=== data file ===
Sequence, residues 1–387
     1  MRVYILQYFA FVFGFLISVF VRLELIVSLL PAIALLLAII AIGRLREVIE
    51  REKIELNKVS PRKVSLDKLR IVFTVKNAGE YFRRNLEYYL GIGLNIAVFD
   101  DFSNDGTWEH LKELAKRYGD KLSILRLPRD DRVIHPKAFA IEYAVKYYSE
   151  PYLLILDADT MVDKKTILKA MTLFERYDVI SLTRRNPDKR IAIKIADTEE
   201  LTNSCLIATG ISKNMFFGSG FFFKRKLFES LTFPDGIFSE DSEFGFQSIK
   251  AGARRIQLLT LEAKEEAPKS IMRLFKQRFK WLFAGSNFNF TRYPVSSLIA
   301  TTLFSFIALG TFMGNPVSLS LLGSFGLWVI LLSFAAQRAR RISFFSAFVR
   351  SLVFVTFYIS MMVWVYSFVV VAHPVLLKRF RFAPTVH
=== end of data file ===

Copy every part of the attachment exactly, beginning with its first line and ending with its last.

Sequence, residues 1–387
     1  MRVYILQYFA FVFGFLISVF VRLELIVSLL PAIALLLAII AIGRLREVIE
    51  REKIELNKVS PRKVSLDKLR IVFTVKNAGE YFRRNLEYYL GIGLNIAVFD
   101  DFSNDGTWEH LKELAKRYGD KLSILRLPRD DRVIHPKAFA IEYAVKYYSE
   151  PYLLILDADT MVDKKTILKA MTLFERYDVI SLTRRNPDKR IAIKIADTEE
   201  LTNSCLIATG ISKNMFFGSG FFFKRKLFES LTFPDGIFSE DSEFGFQSIK
   251  AGARRIQLLT LEAKEEAPKS IMRLFKQRFK WLFAGSNFNF TRYPVSSLIA
   301  TTLFSFIALG TFMGNPVSLS LLGSFGLWVI LLSFAAQRAR RISFFSAFVR
   351  SLVFVTFYIS MMVWVYSFVV VAHPVLLKRF RFAPTVH